More Latino Representation in Compton?

Last week the city of Compton agreed to put a measure on the ballot, which would institute voting by district in city council races. Currently, Compton's city council members are elected based on at-large city-wide voting.

The decision came in reaction to criticisms that Latinos are massively underrepresented in city government. Critics of the current system filed a lawsuit under the California Voting Rights Act, contending that Latinos must have a larger voice in local government. Specifically, proponents of the lawsuit argue that the current at-large elections dilute Latino voting power, and that if elections occur on a district basis, there will be at least one majority-Latino district.

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Latinos now account for almost two-thirds of the city's nearly 100,000 residents. However, only a percentage of those residents are eligible to vote, because of age and other factors. Latinos make up much less than two-thirds of the members of the city government.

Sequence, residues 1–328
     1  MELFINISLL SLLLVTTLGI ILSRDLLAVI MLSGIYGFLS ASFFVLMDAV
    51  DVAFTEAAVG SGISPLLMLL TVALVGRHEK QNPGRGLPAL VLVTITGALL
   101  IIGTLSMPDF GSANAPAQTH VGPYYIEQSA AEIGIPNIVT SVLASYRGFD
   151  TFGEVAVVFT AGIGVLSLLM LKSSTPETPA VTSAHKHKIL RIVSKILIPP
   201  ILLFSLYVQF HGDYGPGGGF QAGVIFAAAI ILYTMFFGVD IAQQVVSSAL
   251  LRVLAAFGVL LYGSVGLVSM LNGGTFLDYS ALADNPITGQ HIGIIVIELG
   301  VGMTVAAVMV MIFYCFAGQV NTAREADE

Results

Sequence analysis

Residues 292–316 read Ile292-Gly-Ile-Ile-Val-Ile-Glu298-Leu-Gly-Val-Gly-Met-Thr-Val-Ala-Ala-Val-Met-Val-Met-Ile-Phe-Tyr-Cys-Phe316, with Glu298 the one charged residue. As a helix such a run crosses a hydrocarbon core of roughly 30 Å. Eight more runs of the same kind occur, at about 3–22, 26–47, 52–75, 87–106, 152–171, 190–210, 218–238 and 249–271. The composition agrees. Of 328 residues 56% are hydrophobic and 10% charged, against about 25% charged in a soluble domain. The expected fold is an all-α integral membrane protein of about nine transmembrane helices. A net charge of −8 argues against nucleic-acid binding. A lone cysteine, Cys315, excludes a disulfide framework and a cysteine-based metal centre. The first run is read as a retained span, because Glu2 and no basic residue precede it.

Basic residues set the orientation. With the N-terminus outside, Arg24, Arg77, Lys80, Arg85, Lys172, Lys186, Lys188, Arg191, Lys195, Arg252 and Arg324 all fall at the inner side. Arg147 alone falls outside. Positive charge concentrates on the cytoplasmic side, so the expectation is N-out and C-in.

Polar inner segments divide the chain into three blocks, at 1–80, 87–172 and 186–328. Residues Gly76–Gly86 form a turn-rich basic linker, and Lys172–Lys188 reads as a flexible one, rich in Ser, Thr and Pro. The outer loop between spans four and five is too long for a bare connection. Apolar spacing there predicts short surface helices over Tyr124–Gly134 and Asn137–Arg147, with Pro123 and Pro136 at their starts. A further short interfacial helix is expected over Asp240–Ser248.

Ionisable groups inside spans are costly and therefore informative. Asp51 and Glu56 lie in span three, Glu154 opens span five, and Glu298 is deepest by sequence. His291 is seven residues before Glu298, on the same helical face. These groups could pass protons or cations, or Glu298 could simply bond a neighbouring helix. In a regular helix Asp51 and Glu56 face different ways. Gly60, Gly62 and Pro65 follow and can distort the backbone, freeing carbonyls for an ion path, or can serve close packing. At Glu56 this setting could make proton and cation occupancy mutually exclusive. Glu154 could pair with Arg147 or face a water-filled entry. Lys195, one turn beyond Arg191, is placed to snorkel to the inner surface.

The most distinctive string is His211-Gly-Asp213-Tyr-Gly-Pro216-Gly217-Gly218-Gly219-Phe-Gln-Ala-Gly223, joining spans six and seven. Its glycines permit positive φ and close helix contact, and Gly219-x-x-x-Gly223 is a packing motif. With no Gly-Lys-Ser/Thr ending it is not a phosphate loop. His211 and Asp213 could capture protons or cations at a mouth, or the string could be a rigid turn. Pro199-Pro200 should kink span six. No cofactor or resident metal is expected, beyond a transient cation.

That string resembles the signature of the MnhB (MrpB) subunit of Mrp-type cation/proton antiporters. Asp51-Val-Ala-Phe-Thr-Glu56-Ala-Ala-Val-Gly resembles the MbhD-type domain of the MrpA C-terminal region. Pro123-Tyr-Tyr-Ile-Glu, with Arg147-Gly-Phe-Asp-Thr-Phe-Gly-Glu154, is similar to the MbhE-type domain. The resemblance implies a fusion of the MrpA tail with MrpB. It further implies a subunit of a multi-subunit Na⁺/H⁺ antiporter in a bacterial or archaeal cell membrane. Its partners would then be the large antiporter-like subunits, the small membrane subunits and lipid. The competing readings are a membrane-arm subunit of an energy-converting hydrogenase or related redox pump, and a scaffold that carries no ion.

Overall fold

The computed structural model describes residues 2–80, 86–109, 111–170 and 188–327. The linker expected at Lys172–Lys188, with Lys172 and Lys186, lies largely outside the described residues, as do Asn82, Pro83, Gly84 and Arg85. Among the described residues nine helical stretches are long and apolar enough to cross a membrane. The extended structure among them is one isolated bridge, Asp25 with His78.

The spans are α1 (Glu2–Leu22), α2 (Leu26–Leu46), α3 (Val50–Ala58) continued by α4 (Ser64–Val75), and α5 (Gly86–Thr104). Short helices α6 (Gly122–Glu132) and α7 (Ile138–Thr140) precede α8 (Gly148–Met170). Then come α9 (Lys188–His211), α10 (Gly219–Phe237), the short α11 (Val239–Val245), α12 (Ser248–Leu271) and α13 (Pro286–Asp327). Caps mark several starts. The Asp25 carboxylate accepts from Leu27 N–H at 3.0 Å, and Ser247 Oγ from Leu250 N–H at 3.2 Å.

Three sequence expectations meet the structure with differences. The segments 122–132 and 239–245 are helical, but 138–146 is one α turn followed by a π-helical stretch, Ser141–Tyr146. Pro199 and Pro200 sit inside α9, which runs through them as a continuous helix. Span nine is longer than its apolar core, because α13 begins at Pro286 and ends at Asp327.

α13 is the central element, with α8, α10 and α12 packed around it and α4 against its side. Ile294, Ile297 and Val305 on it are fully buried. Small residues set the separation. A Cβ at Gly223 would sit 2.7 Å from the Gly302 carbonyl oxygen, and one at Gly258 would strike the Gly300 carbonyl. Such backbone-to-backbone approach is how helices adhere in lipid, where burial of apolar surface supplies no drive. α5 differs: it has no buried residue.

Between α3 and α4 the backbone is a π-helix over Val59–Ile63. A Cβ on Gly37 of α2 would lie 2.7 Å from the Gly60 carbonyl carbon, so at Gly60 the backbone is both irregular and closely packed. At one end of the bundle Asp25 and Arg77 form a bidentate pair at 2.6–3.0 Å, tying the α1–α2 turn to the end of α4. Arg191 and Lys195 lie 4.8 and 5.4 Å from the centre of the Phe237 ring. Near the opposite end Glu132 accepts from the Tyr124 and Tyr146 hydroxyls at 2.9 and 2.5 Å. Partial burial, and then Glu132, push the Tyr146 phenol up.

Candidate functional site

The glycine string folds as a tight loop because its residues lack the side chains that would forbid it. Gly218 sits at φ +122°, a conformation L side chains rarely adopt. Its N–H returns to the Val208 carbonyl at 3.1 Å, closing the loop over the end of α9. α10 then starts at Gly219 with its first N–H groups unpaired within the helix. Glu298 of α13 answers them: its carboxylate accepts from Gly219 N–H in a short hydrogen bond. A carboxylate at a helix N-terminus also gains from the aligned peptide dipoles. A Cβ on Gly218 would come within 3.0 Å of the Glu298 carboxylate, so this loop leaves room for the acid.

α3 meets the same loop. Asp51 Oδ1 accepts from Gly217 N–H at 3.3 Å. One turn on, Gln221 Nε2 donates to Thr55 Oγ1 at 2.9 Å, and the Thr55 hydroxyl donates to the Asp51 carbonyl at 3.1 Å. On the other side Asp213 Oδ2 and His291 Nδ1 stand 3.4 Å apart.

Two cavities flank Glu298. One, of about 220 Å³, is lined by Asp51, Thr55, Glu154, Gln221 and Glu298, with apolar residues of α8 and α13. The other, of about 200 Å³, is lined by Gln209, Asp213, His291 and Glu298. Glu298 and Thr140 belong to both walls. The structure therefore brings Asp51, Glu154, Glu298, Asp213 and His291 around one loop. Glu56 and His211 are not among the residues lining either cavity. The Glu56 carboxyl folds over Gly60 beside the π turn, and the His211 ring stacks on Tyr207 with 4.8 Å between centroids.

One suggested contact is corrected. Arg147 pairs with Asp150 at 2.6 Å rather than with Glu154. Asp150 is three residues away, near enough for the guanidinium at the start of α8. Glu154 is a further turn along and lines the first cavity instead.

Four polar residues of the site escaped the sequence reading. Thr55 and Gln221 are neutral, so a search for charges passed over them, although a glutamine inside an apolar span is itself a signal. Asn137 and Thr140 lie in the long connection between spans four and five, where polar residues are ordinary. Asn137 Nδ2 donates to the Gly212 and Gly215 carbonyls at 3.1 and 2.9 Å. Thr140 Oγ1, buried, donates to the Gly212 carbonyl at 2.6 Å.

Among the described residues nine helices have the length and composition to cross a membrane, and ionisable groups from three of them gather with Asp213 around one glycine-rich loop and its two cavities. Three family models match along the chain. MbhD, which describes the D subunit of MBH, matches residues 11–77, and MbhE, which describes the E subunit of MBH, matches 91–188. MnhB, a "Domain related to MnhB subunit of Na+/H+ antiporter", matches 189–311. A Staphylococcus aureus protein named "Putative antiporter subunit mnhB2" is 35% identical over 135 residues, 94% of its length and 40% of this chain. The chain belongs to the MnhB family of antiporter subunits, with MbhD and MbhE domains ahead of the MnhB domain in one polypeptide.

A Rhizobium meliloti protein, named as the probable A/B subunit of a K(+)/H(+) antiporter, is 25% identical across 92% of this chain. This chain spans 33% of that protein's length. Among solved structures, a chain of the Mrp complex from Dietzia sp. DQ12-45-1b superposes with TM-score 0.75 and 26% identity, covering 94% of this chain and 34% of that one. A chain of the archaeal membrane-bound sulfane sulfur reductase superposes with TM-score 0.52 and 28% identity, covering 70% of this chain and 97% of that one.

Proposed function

Proponents of the lawsuit and the city agreed to settle the suit by placing a measure of the ballot that would create by-district voting. If the measure fails in June it will be back on the November ballot.

The ballot measure seems to make sense. However, it faces two large hurdles. First, people must actually turn out to vote for it. Second, if it is successful, it will only make a difference if people go back to the ballot box to vote for their representative of choice. These are not small hurdles; voter turnout in municipal elections in Compton can be in the single digits. On the other hand, if voters feel their system of elections will elect officials who better represent them, they may be more likely to go to the polls. Compton voters who are dissatisfied with the current system should exercise their right to vote to change that.

Jessica Levinson writes about the intersection of law and government in Los Angeles every week. She is a Visiting Professor at Loyola Law School. Read more of her posts here.

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